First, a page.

Published: Thu Jan 21, 2010“Our standard system of teaching shuts out some students for no reason, and at the university level we are obligated to remove the obstacles for a diverse population.”
Tennessee Tech University researcher Laura Graves says this is her research team’s motivation for conducting research so that the one-size-fits-all teaching approach in college classrooms can be replaced with a more effective design.
Graves, along with colleagues Chester Goad, Sally Pardue and a team of volunteer professors and technology experts, are conducting a study that pioneers a partnership between disability services and the academic community and opens communication regarding access through universal design, particularly in science, technology, engineering and mathematics.
If you have ever watched closed-caption television in an airport terminal or participated in a conference call on speakerphone, you are familiar with the concept of universal design. Universal does not mean one solution, but multiple solutions for a variety of audiences in wide-ranging environments.
Universal design calls for curb cuts, automatic doors, video captioning, speakerphones and other features to accommodate a variety of users, including those with disabilities. In the end, everyone benefits from the accommodations.
TTU researchers are concentrating on improving the classroom experience for students with learning disabilities. Faculty members use tablet computers to archive classroom course content through web-based recordings. This benefits a variety of learning styles exhibited by students with learning disabilities and those without learning disabilities.
“Our message, supported by the study, is that we can help teachers find a great design for their classroom that addresses the needs of students with learning disabilities while also enhancing the learning experience for the rest of students,” said Goad, TTU’s Disability Services director.
In the experimental course sections, instructors use tablet computers to project and record their lessons. They can make handwritten notes on the tablet and save those notes so students have them for review. Recorded lessons are placed on the web so students can access them any time, and as many times, as needed. Both control and experimental groups in the STEM-related courses include students with learning disabilities, attention deficit disorder, attention deficit hyperactivity disorder, and dyslexia.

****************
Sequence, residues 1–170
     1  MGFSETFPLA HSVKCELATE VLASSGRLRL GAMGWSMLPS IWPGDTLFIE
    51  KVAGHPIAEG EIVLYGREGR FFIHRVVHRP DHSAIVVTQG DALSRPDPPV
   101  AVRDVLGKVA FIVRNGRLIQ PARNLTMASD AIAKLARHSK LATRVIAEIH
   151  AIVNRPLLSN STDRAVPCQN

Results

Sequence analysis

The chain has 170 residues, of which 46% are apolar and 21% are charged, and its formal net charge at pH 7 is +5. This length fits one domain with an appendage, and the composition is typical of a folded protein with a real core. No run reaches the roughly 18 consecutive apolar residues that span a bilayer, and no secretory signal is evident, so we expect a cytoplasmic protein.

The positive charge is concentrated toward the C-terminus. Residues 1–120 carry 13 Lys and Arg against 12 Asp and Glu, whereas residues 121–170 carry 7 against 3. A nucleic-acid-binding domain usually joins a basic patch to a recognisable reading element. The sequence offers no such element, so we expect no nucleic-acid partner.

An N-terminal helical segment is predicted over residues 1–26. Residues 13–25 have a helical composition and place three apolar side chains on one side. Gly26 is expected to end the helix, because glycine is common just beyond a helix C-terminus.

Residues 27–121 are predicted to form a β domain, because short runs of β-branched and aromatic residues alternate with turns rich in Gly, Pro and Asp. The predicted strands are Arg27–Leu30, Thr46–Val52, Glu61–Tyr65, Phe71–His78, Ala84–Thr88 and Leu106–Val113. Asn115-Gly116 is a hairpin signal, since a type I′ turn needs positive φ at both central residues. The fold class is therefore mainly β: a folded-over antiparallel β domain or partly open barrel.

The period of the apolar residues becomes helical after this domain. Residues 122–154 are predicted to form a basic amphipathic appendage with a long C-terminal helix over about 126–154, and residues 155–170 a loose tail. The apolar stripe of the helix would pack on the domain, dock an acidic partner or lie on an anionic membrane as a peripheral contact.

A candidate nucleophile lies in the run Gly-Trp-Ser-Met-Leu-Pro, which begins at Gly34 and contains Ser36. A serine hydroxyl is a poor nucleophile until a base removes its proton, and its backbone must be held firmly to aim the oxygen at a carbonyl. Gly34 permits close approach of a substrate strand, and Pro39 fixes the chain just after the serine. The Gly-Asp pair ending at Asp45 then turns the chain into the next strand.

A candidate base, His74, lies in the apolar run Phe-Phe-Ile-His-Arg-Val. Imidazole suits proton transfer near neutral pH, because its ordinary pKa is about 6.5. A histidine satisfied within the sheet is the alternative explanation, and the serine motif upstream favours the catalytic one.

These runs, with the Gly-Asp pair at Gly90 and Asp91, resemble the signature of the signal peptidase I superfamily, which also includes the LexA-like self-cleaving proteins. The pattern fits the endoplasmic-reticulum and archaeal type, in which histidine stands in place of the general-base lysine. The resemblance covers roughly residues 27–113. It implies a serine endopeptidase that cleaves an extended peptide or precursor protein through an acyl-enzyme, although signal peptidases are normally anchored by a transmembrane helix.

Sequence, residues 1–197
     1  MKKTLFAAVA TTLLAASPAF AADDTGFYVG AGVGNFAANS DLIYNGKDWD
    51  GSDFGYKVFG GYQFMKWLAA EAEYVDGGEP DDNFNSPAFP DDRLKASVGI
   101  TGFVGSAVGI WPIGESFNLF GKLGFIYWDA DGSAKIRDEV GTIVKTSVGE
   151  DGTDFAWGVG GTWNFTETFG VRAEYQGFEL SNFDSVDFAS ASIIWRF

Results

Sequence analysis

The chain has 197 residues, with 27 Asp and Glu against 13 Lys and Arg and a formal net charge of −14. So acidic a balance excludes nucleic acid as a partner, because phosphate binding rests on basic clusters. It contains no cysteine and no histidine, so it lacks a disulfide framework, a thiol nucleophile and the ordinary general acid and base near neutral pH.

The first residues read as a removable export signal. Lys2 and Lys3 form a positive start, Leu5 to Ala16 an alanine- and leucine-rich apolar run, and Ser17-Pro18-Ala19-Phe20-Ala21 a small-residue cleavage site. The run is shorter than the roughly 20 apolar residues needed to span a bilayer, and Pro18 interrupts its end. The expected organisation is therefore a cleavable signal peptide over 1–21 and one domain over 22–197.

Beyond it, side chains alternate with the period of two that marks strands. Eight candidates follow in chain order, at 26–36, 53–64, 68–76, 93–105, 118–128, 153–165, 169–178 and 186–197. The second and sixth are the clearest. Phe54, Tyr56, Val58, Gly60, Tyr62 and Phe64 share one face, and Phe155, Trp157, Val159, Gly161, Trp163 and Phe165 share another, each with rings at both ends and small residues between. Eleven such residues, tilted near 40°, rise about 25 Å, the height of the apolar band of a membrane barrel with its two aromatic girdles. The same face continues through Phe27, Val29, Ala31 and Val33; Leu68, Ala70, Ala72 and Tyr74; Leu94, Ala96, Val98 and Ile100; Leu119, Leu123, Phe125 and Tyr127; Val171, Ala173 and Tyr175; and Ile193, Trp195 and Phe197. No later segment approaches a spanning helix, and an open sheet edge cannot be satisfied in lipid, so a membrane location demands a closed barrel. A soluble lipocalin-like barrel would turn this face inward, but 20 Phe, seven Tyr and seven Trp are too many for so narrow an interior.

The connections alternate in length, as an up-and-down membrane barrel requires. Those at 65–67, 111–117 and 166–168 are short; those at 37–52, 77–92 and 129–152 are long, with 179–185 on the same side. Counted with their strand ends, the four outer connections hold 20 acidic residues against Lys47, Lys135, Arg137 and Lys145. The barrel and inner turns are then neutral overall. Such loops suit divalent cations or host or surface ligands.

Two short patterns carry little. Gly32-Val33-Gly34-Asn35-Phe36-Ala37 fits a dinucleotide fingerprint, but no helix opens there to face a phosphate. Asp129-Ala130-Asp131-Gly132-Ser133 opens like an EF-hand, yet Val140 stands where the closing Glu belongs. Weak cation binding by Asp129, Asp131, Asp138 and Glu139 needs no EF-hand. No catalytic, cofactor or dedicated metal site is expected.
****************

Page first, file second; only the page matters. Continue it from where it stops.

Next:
“Our goal with this study is to enhance student and faculty understanding about supporting different learning styles and about how one good classroom design can work well for every learning style,” said Pardue, interim director of TTU’s Millard Oakley Center for Teaching and Learning Science, Technology, Engineering and Mathematics.
Graves, a TTU curriculum and instruction professor who holds a special education degree and serves as project facilitator, says this technique is proving to serve students with multiple intelligences and diverse learning styles.
"Think about the concentration required to follow the steps of a math equation," Graves said. "For students with a writing disability, they may be concentrating so hard to write down the steps that they miss listening to the instruction.”
Use of the tablet computer and associated teaching techniques support the extra effort many students have to go through in order to learn.
"It's like driving along with kids in the car, the radio blaring, and suddenly running into a snow storm,” said Graves. “You turn the radio down and ask the kids to be quiet so you can concentrate. Students with learning disabilities need accommodations so that they can manage the 'noise' that inhibits them from doing their best.”
“Tablet PCs and web-based recordings replace several accommodations that students with learning challenges often need in the classroom,” said Goad. “Students who previously required note takers, preferential seating and recorded lectures can receive these same accommodations from the faculty member’s use of all the tablet features.”
Funded by the National Science Foundation, the grant project also involved participation from Tennessee State University, Nashville State Community College and Roane State Community College. Kim Ochsenbein, TTU Disability Services assistant director, also contributed to the project.
Pardue says this research builds on TTU’s strength in STEM research and education.
“When the Oakley Center opens next year, we will have collaborative space to conduct more research about how students learn and how we can teach these subjects more effectively,” Pardue said.
As the lead institution, Tennessee Tech researchers say they expect to release final results of the study next fall and plan to build on the outcomes.
“We want to use the information to create workshops, training sessions and awareness on campus so that we can serve all students more effectively,” said Pardue.